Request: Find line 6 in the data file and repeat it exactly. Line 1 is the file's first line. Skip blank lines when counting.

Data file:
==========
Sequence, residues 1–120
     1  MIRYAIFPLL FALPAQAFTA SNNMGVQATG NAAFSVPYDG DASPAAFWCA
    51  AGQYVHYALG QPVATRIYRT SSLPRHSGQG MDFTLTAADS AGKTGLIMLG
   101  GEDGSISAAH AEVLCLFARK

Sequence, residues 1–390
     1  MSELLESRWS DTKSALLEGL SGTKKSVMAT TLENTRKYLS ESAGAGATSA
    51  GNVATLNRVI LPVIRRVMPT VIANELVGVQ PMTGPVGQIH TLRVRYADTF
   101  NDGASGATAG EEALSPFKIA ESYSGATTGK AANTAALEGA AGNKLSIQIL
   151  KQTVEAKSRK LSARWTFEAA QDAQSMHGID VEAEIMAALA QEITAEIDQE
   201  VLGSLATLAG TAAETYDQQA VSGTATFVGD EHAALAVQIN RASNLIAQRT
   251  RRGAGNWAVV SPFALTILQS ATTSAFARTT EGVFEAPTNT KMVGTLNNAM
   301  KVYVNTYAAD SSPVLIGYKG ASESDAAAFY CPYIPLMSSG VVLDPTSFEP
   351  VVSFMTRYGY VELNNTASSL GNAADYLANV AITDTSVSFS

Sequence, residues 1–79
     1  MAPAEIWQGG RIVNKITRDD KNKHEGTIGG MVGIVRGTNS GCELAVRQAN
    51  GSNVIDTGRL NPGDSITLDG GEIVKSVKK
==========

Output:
     1  MSELLESRWS DTKSALLEGL SGTKKSVMAT TLENTRKYLS ESAGAGATSA